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BROOKSHAW, George (1751-1823).

Published by London: T. Bensley for the author, published by White, Cochrane and Co., E. Lloyd and W. Lindsell, [1804]-1812 [but plates watermarked 1822]. (1822)

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Item Description: London: T. Bensley for the author, published by White, Cochrane and Co., E. Lloyd and W. Lindsell, [1804]-1812 [but plates watermarked 1822]., 1822. BROOKSHAW, George (1751-1823). Pomona Britannica; or, A Collection of the Most ESteemed Fruits at present cultivated in this Country; together with the Blossoms and Leaves of such as are necessary to distinguish the various sorts from each other. Selected principally from the Royal Gardens at Hampton Court, and the remainder from the most Celebrated Gardens round London. Accurately drawn and coloured from Nature, with full descriptions of their various qualities, seasons, &c. London: T. Bensley for the author, published by White, Cochrane and Co., E. Lloyd and W. Lindsell, [1804]-1812 [but plates watermarked 1822]. Broadsheets (22 2/8 x 18 inches). With the author's printed slip explaining the absence of three pineapple plates, 1 page of index (frontispiece, title-page and dedication leaf with old vertical crease). 90 magnificent aquatints with stipple engraving by Brookshaw, printed in colors and finished by hand. Contemporary brown morocco, elaborately paneled in gilt and blind (attractively rebacked to style). Provenance: with the engraved armorial bookplate of famous bibliophile and Philadelphian Moncure Biddle (1882-1956) on the front paste-down Plates watermarked H.S. & S. 1822, text watermarked J.Whatman 1811. Originally published in parts between 1804 and 1812 and dedicated to the Prince Regent. Many of the specimens were taken from the Royal Gardens at Hampton Court and Kensington Gardens, among other great British gardens, and include: 256 varieties of fruit are depicted in the 90 plates, the subjects include 7 plates of Cherries; 10 of Plums or Apricots; 15 of Peaches and Nectarines; 5 of Pineapples; 17 of Grapes; 9 of Melons, 11 of Pears and 7 of Apples. George Brookshaw's splendid "Pomona Brittanica" is a masterpiece among 19th-century British flower books. The publication of the "Pomona" marked the re-emergence of the acclaimed artist into the public eye after a total disappearance of nearly a decade. Initially a cabinet-make specializing in painted furniture decorated with borders of flowers, Brookshaw appears to have abandoned this career at about the same time as he parted company with his wife and began living with Elizabeth Stanton, and under the assumed name of G. Brown (c.1794-1804). During this time he earned a living as a teacher of flower-painting and on the proceeds of his first painting manual "A New Treatise on Flower Painting", 1797. Characterized by the highest standards of production and artistic quality, the superb illustrations that Brookshaw drew and engraved for the "Pomona" remain perhaps the most sumptuous and distinctive of the early 19th century. This magnificent and stylistically unique work took Brookshaw nearly ten years to produce. Rivaled only by Dr. Robert Thornton's "Temple of Flora," Brookshaw's 'Pomona' is considered to be the finest British botanical work from a time when England dominated the field with a very large number of great books. Brookshaw's fine illustrations make excellent use of the rich, modulated tones that the aquatint process creates. The elegantly arranged and richly colored fruits emerge from deep brown backgrounds or float on a softly mottled light ground, creating a presence unlike that of any other botanical illustrations. Brookshaw asserts in the preface that the "Pomona Britannica" was an enduring work created for the enjoyment and edification of "succeeding generations." Nissen 244; Pritzel 1182. Catalogued by Kate Hunter. Bookseller Inventory # 72nhr253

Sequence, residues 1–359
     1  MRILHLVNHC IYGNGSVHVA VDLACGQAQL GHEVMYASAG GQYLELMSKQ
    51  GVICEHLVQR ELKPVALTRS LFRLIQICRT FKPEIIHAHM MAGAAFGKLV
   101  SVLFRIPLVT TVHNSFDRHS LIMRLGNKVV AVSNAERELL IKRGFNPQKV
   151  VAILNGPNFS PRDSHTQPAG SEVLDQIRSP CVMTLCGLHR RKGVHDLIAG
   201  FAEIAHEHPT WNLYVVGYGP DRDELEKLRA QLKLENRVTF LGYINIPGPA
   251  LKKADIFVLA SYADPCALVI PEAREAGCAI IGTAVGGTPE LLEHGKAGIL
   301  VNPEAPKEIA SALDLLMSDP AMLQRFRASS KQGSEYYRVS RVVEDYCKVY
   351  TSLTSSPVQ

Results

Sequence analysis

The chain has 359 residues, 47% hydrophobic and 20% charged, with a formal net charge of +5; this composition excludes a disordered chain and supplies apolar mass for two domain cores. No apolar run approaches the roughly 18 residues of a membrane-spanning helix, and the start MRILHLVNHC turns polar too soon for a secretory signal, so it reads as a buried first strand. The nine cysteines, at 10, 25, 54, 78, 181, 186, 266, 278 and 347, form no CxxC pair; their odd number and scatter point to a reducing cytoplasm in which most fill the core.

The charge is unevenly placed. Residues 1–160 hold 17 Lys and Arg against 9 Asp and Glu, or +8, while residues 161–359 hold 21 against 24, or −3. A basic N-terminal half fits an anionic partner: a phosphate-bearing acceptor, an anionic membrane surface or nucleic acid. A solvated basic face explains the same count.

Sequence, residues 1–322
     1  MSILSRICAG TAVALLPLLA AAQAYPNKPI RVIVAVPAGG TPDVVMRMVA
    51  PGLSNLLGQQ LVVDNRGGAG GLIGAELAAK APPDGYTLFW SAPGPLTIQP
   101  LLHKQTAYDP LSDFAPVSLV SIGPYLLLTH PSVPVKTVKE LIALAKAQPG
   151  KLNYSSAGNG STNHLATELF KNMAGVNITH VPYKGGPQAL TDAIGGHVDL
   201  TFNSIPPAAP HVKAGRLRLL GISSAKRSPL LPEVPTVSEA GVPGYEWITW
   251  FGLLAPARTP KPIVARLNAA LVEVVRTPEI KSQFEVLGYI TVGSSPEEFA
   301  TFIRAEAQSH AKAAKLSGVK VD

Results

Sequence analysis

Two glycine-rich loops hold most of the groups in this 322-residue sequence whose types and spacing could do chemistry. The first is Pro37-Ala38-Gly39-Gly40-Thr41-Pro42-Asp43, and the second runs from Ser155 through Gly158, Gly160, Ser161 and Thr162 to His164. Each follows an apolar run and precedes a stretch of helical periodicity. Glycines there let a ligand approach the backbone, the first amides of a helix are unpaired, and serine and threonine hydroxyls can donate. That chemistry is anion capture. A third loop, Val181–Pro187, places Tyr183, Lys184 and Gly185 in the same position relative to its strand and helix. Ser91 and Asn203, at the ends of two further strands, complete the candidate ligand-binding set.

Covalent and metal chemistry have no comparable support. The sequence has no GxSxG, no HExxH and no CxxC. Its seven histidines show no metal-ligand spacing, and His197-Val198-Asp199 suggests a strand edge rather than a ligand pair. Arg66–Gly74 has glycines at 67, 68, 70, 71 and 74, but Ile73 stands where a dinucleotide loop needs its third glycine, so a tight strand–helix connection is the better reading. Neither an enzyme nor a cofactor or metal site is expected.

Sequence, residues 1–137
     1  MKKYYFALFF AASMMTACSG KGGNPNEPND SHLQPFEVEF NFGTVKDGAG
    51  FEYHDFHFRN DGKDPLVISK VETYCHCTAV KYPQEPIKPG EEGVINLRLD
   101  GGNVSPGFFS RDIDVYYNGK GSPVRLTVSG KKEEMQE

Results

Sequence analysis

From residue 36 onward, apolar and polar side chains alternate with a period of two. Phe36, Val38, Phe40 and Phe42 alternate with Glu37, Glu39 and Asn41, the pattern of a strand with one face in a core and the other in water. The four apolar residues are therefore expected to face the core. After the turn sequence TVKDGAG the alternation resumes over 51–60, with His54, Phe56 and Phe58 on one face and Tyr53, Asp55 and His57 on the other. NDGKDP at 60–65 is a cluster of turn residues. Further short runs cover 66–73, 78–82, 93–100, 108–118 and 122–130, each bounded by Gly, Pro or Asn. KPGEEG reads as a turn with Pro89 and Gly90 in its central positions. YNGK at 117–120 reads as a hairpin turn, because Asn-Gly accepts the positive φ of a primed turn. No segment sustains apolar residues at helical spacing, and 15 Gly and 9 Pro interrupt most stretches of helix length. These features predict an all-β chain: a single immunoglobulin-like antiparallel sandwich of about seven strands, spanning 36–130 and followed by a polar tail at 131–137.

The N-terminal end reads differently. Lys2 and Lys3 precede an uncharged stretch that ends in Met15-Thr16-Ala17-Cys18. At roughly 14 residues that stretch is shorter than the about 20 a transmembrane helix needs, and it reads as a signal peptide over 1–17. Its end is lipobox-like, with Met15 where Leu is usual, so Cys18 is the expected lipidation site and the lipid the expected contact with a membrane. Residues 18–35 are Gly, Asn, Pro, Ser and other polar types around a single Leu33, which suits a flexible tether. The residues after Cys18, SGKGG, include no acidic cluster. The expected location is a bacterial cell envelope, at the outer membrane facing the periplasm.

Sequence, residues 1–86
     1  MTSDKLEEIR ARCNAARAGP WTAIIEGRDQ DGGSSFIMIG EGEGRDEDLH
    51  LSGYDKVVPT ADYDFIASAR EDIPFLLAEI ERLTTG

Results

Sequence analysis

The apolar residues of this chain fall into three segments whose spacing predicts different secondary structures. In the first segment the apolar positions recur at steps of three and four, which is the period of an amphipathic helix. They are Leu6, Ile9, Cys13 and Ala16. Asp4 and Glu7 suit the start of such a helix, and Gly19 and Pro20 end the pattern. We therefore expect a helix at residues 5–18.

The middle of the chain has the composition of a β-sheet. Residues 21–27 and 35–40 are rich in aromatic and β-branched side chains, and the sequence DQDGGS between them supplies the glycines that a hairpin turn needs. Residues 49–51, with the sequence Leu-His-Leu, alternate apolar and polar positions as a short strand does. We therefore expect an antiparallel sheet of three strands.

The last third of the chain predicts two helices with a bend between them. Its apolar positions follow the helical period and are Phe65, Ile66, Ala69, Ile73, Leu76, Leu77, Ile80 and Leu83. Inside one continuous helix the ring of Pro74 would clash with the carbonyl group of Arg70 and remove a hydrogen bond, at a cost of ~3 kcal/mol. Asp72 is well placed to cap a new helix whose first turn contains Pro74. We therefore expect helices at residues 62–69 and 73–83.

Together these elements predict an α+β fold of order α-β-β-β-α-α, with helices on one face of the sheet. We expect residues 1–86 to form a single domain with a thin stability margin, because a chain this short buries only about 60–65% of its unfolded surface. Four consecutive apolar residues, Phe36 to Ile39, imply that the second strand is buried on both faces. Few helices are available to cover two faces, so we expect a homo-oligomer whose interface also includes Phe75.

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EDWARDS, George (1694-1773).

Published by London: Rickaby for Gardiner & Robinson; Sidney, 1802-1806. (1806)